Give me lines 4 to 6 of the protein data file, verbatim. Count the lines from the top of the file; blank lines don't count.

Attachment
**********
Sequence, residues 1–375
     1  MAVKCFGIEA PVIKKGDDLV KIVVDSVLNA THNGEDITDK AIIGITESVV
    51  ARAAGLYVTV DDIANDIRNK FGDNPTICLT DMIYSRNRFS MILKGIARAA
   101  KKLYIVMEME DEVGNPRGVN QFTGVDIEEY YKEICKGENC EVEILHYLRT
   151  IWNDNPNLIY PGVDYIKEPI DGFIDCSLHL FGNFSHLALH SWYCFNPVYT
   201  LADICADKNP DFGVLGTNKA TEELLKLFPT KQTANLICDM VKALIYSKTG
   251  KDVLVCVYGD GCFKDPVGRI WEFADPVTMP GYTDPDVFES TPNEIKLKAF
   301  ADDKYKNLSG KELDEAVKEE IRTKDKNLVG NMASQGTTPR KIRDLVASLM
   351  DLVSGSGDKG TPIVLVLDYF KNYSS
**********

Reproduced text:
   101  KKLYIVMEME DEVGNPRGVN QFTGVDIEEY YKEICKGENC EVEILHYLRT
   151  IWNDNPNLIY PGVDYIKEPI DGFIDCSLHL FGNFSHLALH SWYCFNPVYT
   201  LADICADKNP DFGVLGTNKA TEELLKLFPT KQTANLICDM VKALIYSKTG